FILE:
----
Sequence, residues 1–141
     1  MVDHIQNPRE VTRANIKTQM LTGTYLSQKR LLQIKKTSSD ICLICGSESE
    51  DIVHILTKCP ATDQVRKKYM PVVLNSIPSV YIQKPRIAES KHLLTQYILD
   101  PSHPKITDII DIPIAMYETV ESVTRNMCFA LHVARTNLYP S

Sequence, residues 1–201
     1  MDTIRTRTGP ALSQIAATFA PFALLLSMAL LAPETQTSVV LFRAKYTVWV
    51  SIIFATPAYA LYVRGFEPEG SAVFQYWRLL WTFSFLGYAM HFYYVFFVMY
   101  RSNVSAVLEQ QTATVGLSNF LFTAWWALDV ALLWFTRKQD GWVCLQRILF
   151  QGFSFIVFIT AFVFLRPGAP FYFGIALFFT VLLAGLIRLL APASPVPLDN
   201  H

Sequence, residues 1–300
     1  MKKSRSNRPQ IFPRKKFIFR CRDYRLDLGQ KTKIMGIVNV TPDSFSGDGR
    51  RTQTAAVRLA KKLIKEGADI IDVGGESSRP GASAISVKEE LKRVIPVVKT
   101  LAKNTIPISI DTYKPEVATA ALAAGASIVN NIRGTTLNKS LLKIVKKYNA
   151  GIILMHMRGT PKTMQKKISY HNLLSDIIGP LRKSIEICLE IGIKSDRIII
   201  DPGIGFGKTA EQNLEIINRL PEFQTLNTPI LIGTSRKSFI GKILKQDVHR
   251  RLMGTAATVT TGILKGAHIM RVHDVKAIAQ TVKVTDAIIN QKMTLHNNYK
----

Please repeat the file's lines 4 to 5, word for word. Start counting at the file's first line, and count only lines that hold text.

   101  PSHPKITDII DIPIAMYETV ESVTRNMCFA LHVARTNLYP S

Sequence, residues 1–201